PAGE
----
What now with Digital Security Act?

Published: 00:05, Oct 10,2018 | Updated: 23:31, Oct 09,2018

 
 

— Anthill Online

The Digital Security Act is now a law, no matter how much it is disliked by editors and journalists. That there is a need for a law to cover the new world of digital communications is accepted by all. However, many feel that several clauses, by-laws and sub-clauses of the act are oppressive and open to abuse. That is a serious issue and deserves attention. However, the government has not moved in to assuage the anxious crowd and the opponents are making it a cause for a principled confrontation. That is something one could do without.
Let us face a fact. This government is so ‘powerful’ that it can do what it wants with laws. It can even use the law to push an opponent into submission. It has used court cases against the BNP — the number is nearly 1,00,000 — to virtually cripple the party. And it is all being done through the use of law.

Not about mainstream (?) but social media
IF THE government wants, it can use any number of laws against anyone it wishes and that includes media, but it has not. The government is not intimidated by the media and it can largely ignore them if it wants to. In other words, it can choose and fight if it wants and it can ignore an issue if it wants. Law, good or bad, will not come in the way, nor be an aid.
The government has chosen to go after its principal opponent, the BNP, and it has left no avenues untouched to do so. It can keep BNP leaders, including Khaleda Zia, in jail by using the legal system. The laws under which she has been jailed has never aroused suspicion or criticism but it has been effectively used. It means that the perception of the government about the intent of the protagonist will define its response. That is not an even-handed approach but a fact.
The Awami League blames the BNP for two acts. One, the killing of Sheikh Mujib by army officers. The Awami League believes that Zia was linked to it or responsible for the same.
The other is the 2004 grenade attack, which killed many leaders and injured many more, including the prime minister. So it does not see the BNP as a political opponent but a murderous rival for power. The Awami League will never deal with the BNP as a normal political opponent and that is why it will use any weapon it has to clamp down on the BNP.
But the media are not the same as the BNP.

Political power media and social media
The prime minister will not forgive two media leaders — editors of one Bangla and one English language daily newspapers — not for what they have written or said but for promoting the minus 2 formula and Professor Yunus’s political party. The media do not anger the Awami League/Sheikh Hasina much but political opponents who have tried to move her out by non-electoral means do. So, its not media but politics that is intended to end her political or physical life that makes her see red.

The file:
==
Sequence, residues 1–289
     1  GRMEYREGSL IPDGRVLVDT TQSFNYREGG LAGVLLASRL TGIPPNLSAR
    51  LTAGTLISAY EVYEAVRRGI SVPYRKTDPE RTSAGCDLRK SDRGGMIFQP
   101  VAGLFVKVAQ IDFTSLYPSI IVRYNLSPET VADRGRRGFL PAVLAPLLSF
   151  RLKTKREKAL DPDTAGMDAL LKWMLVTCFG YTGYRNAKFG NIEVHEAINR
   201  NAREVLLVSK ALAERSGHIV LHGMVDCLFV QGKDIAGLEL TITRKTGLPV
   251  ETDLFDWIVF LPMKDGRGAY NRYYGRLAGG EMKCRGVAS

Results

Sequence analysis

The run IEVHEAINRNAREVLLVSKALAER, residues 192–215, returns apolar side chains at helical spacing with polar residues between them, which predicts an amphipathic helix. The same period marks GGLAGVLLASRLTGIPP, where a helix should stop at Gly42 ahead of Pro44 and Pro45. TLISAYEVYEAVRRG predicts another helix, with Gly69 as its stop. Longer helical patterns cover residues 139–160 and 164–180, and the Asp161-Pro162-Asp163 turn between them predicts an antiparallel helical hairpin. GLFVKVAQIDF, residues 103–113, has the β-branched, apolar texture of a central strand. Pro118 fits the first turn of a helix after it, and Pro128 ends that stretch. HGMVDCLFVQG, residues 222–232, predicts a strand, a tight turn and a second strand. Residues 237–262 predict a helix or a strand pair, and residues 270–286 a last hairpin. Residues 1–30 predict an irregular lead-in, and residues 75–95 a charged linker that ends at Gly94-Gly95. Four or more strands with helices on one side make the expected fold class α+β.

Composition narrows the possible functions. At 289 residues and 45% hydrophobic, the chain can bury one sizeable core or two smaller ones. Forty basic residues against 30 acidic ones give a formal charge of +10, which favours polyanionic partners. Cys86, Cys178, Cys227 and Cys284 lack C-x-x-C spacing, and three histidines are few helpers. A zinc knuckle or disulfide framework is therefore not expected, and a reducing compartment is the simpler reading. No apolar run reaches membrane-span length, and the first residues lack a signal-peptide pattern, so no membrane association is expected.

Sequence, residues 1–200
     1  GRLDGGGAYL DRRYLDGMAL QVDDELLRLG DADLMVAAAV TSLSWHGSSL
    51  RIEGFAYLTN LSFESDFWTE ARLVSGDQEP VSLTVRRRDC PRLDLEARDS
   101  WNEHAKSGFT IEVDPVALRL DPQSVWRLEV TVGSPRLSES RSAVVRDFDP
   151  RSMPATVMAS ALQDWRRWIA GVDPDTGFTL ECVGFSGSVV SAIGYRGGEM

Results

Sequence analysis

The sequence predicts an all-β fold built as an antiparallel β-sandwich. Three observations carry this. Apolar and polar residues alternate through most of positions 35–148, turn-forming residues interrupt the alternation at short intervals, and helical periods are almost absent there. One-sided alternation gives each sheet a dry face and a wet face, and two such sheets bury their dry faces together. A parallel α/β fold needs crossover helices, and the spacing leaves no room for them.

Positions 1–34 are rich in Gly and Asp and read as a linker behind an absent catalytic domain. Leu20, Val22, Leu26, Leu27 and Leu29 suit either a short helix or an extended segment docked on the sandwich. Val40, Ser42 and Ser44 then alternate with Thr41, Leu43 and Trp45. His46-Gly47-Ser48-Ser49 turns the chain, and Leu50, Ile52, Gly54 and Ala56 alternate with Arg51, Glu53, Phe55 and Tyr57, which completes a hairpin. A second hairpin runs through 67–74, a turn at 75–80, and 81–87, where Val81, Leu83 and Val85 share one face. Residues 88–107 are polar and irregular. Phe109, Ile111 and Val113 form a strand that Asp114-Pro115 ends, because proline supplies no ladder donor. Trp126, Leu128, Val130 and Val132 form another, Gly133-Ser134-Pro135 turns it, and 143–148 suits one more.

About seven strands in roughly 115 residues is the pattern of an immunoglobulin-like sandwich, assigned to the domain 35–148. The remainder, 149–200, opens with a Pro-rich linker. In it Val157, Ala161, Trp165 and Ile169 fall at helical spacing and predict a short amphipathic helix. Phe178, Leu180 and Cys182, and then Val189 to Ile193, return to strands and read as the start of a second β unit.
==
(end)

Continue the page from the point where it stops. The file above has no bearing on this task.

What the media leaders may do now is, instead of confrontation, look for negotiating space. The Digital Security Act needs a great deal of improvement while engagement rather than attack will serve media interest more.
The Awami League is trying to control social media more than the mainstream media. Media outlet owners are people with known addresses but not social media channels, account holders, etc and that is what is pushing the government to pass the Digital Security Act. Any perusal will show that very few media workers have been sued under the old ICT 57 unless its for comments on Facebook. So, the objective is to clamp down on social, not professional, paid media.
The Bengali love for suing has found a new life under ICT 57/DSA which has to be curbed as must be unlimited police powers, non-bailable offence, and anticipatory arrest and other provisions. The potential for the abuse of law and lack of checks and balances must be incorporated if the intent of the government is to be successful.

Lessons from last few movements
THE lessons to be learnt are from the recent anti-quota movement in particular and other movements. Once the matter became obvious that the anti-quota movement was popular, the move was made to adjust. But there was backtracking and even just a few weeks back, the prime minister had said that it was not possible to do away with the quota system. But that changed last week. Hence, political expediency determines the government’s flexibility. Unless the government stands to gain and as the movement had become a public demand, the government cannot be pushed or budged.
Most members of the Editors’ Council are close to the government and are not going to antagonise it beyond a point. The few who are hard core within have a political air around them and Sheikh Hasina will read it that way. One may not like to step back but as events show, unless it is a genuinely popular cause, the Awami League will not bother much.
Seeking a more rational Digital Security Act is a more practical demand. The media are not negotiating from apposition of strength and confrontation will be an opportunity lost to improve a bad law. It has been passed but it can be reformed. Far too much ego is on display all around.

Afsan Chowdhury is a journalist and researcher.

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